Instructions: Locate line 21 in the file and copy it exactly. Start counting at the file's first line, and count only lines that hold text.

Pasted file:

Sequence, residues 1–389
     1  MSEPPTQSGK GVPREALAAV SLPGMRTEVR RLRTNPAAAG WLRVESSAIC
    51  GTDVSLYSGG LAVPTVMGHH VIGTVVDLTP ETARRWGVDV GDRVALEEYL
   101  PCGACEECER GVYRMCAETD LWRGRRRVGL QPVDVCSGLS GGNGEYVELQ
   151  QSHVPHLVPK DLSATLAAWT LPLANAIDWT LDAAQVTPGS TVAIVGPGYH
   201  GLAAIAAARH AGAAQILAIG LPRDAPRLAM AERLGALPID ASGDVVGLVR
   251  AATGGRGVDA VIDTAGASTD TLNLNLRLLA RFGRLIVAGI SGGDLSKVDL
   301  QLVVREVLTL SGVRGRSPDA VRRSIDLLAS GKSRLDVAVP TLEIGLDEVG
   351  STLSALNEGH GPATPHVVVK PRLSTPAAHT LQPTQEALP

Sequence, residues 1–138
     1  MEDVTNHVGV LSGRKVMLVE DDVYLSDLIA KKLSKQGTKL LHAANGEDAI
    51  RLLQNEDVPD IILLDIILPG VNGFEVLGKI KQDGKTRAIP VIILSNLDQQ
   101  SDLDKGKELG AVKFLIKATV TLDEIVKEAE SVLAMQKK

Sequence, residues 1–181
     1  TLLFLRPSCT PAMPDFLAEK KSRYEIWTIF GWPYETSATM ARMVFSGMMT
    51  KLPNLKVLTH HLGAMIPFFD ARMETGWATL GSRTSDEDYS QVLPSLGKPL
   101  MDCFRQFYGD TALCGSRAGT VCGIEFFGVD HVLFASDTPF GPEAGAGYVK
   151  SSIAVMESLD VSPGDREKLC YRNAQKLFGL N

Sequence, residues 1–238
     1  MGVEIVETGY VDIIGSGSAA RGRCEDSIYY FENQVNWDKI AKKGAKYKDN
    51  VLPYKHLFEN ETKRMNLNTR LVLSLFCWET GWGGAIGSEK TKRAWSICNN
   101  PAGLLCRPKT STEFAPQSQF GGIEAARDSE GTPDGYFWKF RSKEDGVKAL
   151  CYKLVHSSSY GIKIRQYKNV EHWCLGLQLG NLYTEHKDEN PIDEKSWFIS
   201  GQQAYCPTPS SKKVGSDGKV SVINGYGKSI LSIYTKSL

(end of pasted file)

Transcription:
    51  VLPYKHLFEN ETKRMNLNTR LVLSLFCWET GWGGAIGSEK TKRAWSICNN